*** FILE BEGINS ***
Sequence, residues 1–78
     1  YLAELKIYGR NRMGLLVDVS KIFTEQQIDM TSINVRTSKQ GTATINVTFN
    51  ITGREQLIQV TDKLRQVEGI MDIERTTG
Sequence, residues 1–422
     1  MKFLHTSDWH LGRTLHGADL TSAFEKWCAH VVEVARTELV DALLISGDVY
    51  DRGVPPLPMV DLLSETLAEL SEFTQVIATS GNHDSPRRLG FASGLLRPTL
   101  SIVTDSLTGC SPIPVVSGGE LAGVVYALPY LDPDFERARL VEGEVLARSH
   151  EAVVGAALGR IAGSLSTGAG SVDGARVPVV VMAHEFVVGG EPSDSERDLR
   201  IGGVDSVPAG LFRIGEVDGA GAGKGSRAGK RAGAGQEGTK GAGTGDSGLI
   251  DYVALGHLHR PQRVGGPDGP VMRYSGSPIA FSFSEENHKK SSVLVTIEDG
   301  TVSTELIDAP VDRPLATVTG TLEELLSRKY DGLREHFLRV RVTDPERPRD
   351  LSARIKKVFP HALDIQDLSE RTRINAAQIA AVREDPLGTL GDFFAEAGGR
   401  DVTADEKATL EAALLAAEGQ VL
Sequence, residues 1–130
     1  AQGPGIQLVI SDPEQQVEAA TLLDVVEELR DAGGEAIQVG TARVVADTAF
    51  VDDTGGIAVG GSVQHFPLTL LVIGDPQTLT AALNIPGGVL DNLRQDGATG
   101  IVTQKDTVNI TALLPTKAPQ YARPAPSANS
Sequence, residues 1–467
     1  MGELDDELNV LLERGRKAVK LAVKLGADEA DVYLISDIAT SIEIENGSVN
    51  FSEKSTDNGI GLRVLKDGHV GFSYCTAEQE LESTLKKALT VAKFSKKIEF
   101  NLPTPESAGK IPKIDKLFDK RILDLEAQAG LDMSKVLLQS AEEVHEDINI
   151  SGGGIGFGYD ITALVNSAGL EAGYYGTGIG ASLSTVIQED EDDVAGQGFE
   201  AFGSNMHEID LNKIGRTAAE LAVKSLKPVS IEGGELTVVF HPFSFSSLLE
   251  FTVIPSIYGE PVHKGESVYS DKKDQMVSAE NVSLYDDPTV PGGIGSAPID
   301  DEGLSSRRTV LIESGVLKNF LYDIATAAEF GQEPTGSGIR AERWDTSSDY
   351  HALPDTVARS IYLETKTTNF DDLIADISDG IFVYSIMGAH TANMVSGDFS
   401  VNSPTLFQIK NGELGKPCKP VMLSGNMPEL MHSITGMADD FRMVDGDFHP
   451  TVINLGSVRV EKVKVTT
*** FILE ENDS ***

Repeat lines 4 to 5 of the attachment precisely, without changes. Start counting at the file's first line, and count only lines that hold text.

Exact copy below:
Sequence, residues 1–422
     1  MKFLHTSDWH LGRTLHGADL TSAFEKWCAH VVEVARTELV DALLISGDVY